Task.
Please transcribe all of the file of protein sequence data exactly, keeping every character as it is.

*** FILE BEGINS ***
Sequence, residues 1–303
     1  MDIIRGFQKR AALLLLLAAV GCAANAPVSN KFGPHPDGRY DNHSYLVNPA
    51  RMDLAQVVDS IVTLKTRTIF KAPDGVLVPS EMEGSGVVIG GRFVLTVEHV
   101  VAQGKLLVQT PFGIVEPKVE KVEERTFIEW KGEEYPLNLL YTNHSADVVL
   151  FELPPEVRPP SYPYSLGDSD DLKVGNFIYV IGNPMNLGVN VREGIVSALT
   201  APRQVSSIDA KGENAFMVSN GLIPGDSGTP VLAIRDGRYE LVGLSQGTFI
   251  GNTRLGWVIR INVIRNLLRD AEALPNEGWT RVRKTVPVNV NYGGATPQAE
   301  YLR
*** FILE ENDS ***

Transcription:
Sequence, residues 1–303
     1  MDIIRGFQKR AALLLLLAAV GCAANAPVSN KFGPHPDGRY DNHSYLVNPA
    51  RMDLAQVVDS IVTLKTRTIF KAPDGVLVPS EMEGSGVVIG GRFVLTVEHV
   101  VAQGKLLVQT PFGIVEPKVE KVEERTFIEW KGEEYPLNLL YTNHSADVVL
   151  FELPPEVRPP SYPYSLGDSD DLKVGNFIYV IGNPMNLGVN VREGIVSALT
   201  APRQVSSIDA KGENAFMVSN GLIPGDSGTP VLAIRDGRYE LVGLSQGTFI
   251  GNTRLGWVIR INVIRNLLRD AEALPNEGWT RVRKTVPVNV NYGGATPQAE
   301  YLR